ENCINITAS — The city will continue to bar nonprofit groups from using the light poles along Coast Highway 101 for their advertising banners despite attempts to craft new language for the ordinance that governs the approval of such use.
The City Council voted Aug. 22 to create a subcommittee to revise the rules regarding the use of the poles and appointed Councilman James Bond and Councilman Mark Muir to the panel. Bond and Muir were tasked to come up with revisions that would reduce the risk of the city getting sued.
The City Council was unable to reach a consensus on the language changes within the ordinance during its regular meeting Sept. 26.
City Attorney Glenn Sabine suggested that no motion should be made since so many recommendations for changes were made and a final draft would need to be cohesive. “It will come back in ordinance form for first reading at a later time,” Sabine said.
The council quibbled over language that would have banned the depiction of all political figures.
“Suitable for all ages, no politics and no religion,” said Mayor Jerome Stocks at one point in the meeting, referring to possible restrictions on banners.
In the end, the council agreed the banner ordinance would restrict depictions of living political figures within San Diego County. It also agreed to add “suitable for all ages.”
The timing couldn’t be worse for organizers of the annual Arts Alive banner program, as they are scheduled to apply for a city permit this month in order to comply with a timeline that would allow artists enough time to paint the banners for the unveiling ceremony the first weekend in February.
“This really put a hitch in our plans,” said Danny Salzhandler of the 101 Artists’ Colony. Salzhandler served on the banner sub committee and said whatever the council decides the group will comply with the new rules. “I just don’t want to squeeze the artists’ time that they have to finish the banners,” he said.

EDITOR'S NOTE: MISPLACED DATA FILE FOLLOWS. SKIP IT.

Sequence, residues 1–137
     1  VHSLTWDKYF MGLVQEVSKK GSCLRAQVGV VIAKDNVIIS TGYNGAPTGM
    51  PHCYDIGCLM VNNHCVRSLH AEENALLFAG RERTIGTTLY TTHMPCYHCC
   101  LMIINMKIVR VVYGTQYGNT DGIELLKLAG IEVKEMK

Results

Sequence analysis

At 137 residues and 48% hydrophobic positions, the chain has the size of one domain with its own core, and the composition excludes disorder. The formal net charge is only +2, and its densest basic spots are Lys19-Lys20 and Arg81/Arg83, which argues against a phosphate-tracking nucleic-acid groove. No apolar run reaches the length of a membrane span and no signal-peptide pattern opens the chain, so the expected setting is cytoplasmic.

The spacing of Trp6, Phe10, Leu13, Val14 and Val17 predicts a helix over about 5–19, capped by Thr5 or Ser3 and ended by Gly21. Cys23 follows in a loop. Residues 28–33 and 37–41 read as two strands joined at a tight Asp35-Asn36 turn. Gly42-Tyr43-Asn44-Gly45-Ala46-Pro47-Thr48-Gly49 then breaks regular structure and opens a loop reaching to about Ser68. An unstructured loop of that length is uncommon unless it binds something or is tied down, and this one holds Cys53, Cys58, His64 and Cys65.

The city suspended its banner permit process for the light poles in mid-April after facing threats of legal action from several parties, including the American Civil Liberties Union.
Those threats came after the city blocked the display of banners depicting the image of former Councilwoman Maggie Houlihan. The councilwoman, who died in September after a five-year battle with cancer, was a strong supporter of the banner program.
“The problematic language in the original ordinance has been retained in the proposed new ordinance: ‘Banners over public rights-of-way shall be authorized by a City permit pursuant to this section and subject to the standards established by the City and approved by the City Manager or designee,’” Livia Borak, an attorney with the Coast Law Group and a local resident said in a statement after the meeting.
“This potentially gives the City Manager unfettered discretion to decide what is acceptable; possibly on the spot,” she said. “The new language regarding public officials is a product of this broad discretion being applied last year.”
Controversy over the banners arose from the image of Houlihan on the backs of the artworks.
In letters to the Council from the Coast Law Group and the ACLU, attorneys argued that the decision amounted to “viewpoint” decision-making and is a violation of the first amendment.
“If the City actually wants to fix the ordinance, the Council needs to deal with the aforementioned language,” Borak said. “The rest is just politics.”